“I had no criminal record. I was a bright student and maintained a strong GPA in university. So how could one of your people end up in my place? And why is it that your own people are the ones turning against you at home? The answer is that we have accepted the true call of the prophets and messengers of God.”
Let's go with this a bit. When "al-Canadi" (ie, John Maguire) sais "it's your own people turning against you at home," he may kinda have a loose thread similar to a point. "Our own people" assumedly meaning Canadians, and "turning on" meaning a rejection in part or whole of something we see as part of our Canadian fabric, there's lots of that - look at voter turnout rates as an example.
Or the calls for an overhaul of our structure of governance (like Open Data) or economic model (shared economy). There are a lot of beefs out there with things that aren't working, ranging from education to infrastructure repair. Hell, I recently heard a finance guy calling for revolution.
None of these folk are rushing to the Middle East to oppress locals in the name of Islam, though, are they? Much less attacking domestic targets. If anything, we're trying to increase political transparency, not help catalyze a police state in response to terrorism.
Which, naturally, is the goal of ISIL and any other terrorist organization. They'd love to see Canada become a hermit state, and love it even more if we collapsed into a civil war.
But that's not what Maguire is pitching as his motivation. No, he's heard "the call" and is inviting Canadians (through petulant videos) to convert to Islam, or at least the version he's twigged on to.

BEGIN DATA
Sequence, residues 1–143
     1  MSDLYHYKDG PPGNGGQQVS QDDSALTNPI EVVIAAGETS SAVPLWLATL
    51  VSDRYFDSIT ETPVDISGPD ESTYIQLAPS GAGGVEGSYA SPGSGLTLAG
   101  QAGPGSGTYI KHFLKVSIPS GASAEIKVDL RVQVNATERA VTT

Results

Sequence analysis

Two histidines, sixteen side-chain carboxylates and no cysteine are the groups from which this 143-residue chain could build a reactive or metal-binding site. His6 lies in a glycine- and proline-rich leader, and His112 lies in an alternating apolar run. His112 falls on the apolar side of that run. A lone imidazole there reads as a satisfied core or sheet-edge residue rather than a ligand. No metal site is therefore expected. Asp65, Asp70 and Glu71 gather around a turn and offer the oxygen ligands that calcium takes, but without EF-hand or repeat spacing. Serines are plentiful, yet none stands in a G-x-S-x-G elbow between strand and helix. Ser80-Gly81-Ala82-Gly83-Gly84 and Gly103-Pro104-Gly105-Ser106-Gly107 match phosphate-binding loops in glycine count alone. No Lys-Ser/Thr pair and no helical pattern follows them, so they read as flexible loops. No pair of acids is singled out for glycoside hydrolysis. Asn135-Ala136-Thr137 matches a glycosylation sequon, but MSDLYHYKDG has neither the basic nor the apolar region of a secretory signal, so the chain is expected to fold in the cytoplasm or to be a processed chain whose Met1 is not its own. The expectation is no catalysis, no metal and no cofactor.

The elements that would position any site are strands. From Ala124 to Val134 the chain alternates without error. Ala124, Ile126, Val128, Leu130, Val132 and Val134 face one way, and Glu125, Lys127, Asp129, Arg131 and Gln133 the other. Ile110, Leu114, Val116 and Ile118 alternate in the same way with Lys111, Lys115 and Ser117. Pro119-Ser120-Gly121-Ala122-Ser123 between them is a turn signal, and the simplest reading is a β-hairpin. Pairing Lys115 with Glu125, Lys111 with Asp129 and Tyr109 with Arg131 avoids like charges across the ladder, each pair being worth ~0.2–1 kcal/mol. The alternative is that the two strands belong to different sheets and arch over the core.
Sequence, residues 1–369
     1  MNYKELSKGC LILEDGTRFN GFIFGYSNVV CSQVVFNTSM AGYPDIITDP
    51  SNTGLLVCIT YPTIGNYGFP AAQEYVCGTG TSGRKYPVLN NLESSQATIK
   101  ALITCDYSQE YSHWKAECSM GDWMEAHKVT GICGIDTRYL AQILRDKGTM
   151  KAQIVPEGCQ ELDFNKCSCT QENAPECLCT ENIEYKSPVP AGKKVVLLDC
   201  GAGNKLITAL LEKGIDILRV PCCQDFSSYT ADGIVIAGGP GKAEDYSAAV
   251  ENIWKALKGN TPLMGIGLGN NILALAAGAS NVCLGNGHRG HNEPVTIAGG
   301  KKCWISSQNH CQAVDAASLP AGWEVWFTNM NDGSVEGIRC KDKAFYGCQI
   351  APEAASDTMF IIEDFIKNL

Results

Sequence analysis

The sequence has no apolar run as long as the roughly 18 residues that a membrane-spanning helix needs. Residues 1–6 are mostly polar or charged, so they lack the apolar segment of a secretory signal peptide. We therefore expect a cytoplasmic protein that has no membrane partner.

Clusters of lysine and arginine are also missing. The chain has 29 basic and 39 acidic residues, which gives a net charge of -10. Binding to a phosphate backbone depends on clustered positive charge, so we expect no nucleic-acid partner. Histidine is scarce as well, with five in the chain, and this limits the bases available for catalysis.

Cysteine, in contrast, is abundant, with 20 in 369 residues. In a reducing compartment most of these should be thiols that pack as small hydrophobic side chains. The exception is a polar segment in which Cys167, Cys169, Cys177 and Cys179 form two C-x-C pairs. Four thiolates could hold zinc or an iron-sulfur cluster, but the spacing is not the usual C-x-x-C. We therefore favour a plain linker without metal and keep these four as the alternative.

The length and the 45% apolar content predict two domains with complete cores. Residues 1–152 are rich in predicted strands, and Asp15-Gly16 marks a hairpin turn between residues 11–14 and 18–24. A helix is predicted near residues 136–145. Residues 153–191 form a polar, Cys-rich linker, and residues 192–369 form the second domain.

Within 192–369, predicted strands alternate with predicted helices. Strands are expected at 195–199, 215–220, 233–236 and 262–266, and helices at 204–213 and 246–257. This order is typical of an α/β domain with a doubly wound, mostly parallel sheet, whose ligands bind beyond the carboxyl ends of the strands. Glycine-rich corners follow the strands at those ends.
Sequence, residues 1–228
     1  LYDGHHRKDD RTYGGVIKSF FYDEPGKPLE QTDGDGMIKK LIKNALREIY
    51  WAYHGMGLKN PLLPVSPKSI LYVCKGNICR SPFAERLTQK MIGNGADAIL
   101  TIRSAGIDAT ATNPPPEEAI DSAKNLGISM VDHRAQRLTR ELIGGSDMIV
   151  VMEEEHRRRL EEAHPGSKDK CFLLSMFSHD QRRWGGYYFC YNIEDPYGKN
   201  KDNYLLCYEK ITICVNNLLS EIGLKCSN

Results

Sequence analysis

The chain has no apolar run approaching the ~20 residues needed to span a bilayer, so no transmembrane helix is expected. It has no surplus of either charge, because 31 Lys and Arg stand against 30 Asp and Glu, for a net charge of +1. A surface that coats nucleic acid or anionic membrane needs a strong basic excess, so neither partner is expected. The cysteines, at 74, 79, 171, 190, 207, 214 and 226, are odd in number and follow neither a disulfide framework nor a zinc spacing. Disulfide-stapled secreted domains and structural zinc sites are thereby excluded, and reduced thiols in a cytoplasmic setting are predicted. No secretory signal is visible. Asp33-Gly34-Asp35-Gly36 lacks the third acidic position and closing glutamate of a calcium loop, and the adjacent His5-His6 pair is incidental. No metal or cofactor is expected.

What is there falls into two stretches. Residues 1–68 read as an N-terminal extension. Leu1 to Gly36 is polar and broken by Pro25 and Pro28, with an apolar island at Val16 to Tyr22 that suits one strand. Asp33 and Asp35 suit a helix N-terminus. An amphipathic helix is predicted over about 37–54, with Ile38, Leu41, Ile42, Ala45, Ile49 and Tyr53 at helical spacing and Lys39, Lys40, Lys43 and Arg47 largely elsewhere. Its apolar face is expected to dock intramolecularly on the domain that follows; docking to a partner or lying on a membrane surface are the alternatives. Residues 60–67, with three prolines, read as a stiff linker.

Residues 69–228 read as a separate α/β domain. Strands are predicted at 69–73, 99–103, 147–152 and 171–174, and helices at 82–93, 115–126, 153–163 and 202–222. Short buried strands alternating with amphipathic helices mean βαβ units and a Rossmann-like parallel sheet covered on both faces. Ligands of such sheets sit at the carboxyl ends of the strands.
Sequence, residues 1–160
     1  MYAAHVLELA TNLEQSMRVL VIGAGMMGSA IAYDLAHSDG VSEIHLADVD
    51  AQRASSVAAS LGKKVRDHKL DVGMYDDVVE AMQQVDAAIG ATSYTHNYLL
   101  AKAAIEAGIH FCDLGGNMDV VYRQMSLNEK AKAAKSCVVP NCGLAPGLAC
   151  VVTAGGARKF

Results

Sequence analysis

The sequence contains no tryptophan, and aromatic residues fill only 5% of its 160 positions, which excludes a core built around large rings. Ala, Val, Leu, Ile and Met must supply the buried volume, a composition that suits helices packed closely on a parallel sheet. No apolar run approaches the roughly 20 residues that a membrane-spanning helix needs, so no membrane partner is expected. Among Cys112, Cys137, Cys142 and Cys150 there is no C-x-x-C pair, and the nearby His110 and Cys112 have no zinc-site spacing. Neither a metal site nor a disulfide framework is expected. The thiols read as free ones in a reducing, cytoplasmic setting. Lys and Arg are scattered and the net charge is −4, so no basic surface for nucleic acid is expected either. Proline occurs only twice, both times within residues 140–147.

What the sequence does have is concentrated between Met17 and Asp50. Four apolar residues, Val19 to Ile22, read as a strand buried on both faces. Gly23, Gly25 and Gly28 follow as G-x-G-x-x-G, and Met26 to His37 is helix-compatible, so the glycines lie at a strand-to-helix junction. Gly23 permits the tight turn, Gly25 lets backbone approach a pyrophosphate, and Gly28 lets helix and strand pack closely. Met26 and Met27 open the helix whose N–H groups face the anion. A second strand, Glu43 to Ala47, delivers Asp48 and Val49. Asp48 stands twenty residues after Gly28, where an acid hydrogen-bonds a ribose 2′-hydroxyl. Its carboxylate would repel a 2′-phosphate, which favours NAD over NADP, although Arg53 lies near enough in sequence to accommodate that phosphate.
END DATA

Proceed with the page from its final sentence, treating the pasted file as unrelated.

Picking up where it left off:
What Islam has to do with trying to invade Turkey and oppressing locals is beyond me, but then I know that what ISIL is doing isn't really Islam. It's barbarism, given name to justify it as something else.
And that's the rub, right there. Whether it's ISIL seeking to destabilize others with violence or Maguire calling on other people to become like him, both approaches have zero-sum, apocalyptic end-games.
ISIL wants legitimacy, they've got the faux-Islam thing, but they're also expansionist. Whatever the rhetoric, it's less a matter of their elite thinking about the end of days, so much as feeling like they're bringing the kingdom of heaven themselves, setting themselves up with the divine right to rule by force.
Recruits like Maguire are pushing for conversion; they want the world to take on their world-view.
What the common thread?
It's justification. It's absolution through elimination of the Other.
If I, say, use a homophobic slur, or slap a child, or shoot an unarmed black youth, and I'm the only one who does the mean thing, then I'm a bad person. If more and more people do it as well, though, then I was just ahead of the curve, wasn't I?
This is the truth that probably goes unnoticed by the Maguires of the world as much as it does by any people or organizations that justify inhuman acts of oppression in any form by saying "that's the way the world works."
The world might be a greedy, violent, short-sighted place, but it's also dynamic. Extinction is written into the mainframe of our ecosystem.
We like to think we're better than that, don't we? In some way superior to the rest of the animal kingdom out there? Civilized, rational actors, etc.? Are we not therefore able of being more than our genetic blueprints? Of being more than the selection of the fittest?
Maybe. A lot of folk don't bother thinking that far ahead; they stop at the justification bit, declare themselves "histories actors" and whittle away their humanity, delving into the heart of darkness within.
Canada has, at least in our popular myth, always tried to be more than this, the dominance game. Instead of justifying bad behaviour through destroying or converting others, we've tried to build a state of plurality where diversity of opinion is seen as a strength, not a weakness. By empowering different points of view, we're that much closer to the truth, to more sustainable solutions, etc.
We're not trying to convert others; we're trying to grow something greater than the sum of its parts.
We can make the conscious choice to own our actions and reactions rather than justify them. It's a harder road than putting self-interest first and dehumanizing others or insisting they have to be like us to be human.
To do so is to submit to something greater than oneself, or one's tribe. It's to think of open-endings and of growth rather than of Armageddon and ends justifying means.
Not that there's anything new in this. We might just be due for a reminder.